Inspired by the cyberpunk and feminist science fiction of yesterday and the DIY, open access, and hacktivist culture of today, Accessing the Future will be an anthology that explores the future potentials of technology to augment and challenge the physical environment and the human form—in all of its wonderful and complex diversity. We are particularly interested in stories that address issues of disability (invisible and visible, physical and mental), and the intersectionality of race, nationality, gender, sexuality, and class—in both physical and virtual spaces. Accessing the Future will be a collection of speculative fiction that places emphasis on the social, political, and material realms of being.
We want stories from as many diverse people as possible, especially from people with disabilities (visible and invisible, physical and mental), chronic illness or mental illness, who are neuroatypical, or people who have an understanding of the institutional and social construction of disability. We welcome stories from marginalized groups within the speculative fiction community (e.g., QUILTBAG, people of colour, non-North American writers), and from anyone with sensitivity to intersectional politics.
Payment and Rights
We pay $0.06/word (six cents a word) for global English first publication rights in print and digital format. The authors retain copyright.
- Send your submissions to email@example.com by midnight UTC on November 30th, 2014.
- Length 2500-7500 words (with a preference for 4000-6000 words).
- No reprints or simultaneous submissions.
- Attach your story as a .doc, .docx, or .rtf file, with your name, the story title, and the wordcount on the first page.
- We do not require or request that submitting writers identify themselves as a person with a disability, but we respect anyone’s desire to self-identify.
What we want
We want stories that place emphasis on intersectional narratives (rejection of, undoing, and speaking against ableist, heteronormative, racist, cissexist, and classist constructions) and that are informed by an understanding of disability issues and politics at individual and institutional levels. We want to read stories from writers that think critically about how prosthetic technologies, new virtual and physical environments, and genetic modifications will impact human bodies, our communities, and planet. Here are some questions we want writers to think about
- How will humanity modify the future world?
- What kinds of new spaces will there be to explore and inhabit? Who will have access to these spaces and in what ways?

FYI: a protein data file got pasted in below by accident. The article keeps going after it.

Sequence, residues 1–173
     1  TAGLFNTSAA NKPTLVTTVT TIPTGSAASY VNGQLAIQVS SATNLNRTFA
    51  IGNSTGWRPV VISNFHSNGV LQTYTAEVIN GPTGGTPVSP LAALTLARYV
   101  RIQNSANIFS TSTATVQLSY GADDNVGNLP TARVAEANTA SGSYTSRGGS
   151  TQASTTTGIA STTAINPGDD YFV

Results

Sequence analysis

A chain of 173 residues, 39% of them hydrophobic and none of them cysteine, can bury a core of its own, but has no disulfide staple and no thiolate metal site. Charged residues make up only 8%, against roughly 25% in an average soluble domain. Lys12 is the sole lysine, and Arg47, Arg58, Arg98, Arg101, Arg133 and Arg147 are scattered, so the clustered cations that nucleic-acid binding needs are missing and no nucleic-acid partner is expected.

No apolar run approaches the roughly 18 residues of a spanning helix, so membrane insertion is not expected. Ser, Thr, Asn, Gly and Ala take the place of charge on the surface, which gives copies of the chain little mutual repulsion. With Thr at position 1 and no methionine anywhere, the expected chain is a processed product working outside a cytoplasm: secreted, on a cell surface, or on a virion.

- Given that we all already rely on (technological) tools to make our lives easier, what kinds of assistive and adaptive technologies will we use in the future?
- How will augmentations (from the prosthetic to the genetic) erase or exacerbate existing differences in ability, class, gender, sexuality, nationality, and race?
- What does an accessible future look like?
We will not accept
- Stories of “cure” (or where disability exists as a condition to be “fixed,” erased through genetic engineering, etc.)
- Depictions of people with disabilities as “extra special,” “magical,” or “inspirational” because of their disability.
- Stories that generally reproduce today’s dominant reductionist viewpoints of disability as a fixed identity and a problem to be solved.
- Any story that addresses disability in a realistic and “positive” way but contains any element that is racist, sexist, homophobic or otherwise insulting or harmful to other marginalized identities.
About the Editors and Publisher
Futurefire.net Publishing is the publisher of both The Future Fire magazine of social-political speculative fiction, and of two previous anthologies, Outlaw Bodies (2012, co-edited by Lori Selke) and We See a Different Frontier (2013, co-edited by Fabio Fernandes). Djibril al-Ayad, a historian and futurist, co-edited both volumes and has edited TFF since 2005.
Kathryn Allan is an independent scholar of feminist SF, cyberpunk, and disability studies, and is the inaugural Le Guin Feminist Science Fiction Fellow (2013-14). She is editor of Disability in Science Fiction: Representations of Technology as Cure (2013, Palgrave MacMillan), an Associate Editor and Reader of The Future Fire, and her writing appears in both academic and popular venues. She tweets and blogs as Bleeding Chrome.